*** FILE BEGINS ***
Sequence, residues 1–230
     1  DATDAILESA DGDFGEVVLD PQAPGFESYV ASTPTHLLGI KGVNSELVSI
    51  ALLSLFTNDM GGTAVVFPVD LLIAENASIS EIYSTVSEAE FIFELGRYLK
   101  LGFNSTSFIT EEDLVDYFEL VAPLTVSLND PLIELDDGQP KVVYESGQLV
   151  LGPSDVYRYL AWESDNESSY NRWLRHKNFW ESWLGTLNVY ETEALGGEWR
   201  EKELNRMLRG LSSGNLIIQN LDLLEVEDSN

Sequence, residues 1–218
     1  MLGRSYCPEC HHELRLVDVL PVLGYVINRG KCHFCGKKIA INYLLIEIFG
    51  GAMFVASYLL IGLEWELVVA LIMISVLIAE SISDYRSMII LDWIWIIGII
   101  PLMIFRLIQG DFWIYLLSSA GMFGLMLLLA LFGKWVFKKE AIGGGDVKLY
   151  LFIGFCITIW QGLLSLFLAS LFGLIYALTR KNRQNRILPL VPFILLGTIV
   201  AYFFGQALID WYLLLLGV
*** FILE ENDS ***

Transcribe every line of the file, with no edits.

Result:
Sequence, residues 1–230
     1  DATDAILESA DGDFGEVVLD PQAPGFESYV ASTPTHLLGI KGVNSELVSI
    51  ALLSLFTNDM GGTAVVFPVD LLIAENASIS EIYSTVSEAE FIFELGRYLK
   101  LGFNSTSFIT EEDLVDYFEL VAPLTVSLND PLIELDDGQP KVVYESGQLV
   151  LGPSDVYRYL AWESDNESSY NRWLRHKNFW ESWLGTLNVY ETEALGGEWR
   201  EKELNRMLRG LSSGNLIIQN LDLLEVEDSN

Sequence, residues 1–218
     1  MLGRSYCPEC HHELRLVDVL PVLGYVINRG KCHFCGKKIA INYLLIEIFG
    51  GAMFVASYLL IGLEWELVVA LIMISVLIAE SISDYRSMII LDWIWIIGII
   101  PLMIFRLIQG DFWIYLLSSA GMFGLMLLLA LFGKWVFKKE AIGGGDVKLY
   151  LFIGFCITIW QGLLSLFLAS LFGLIYALTR KNRQNRILPL VPFILLGTIV
   201  AYFFGQALID WYLLLLGV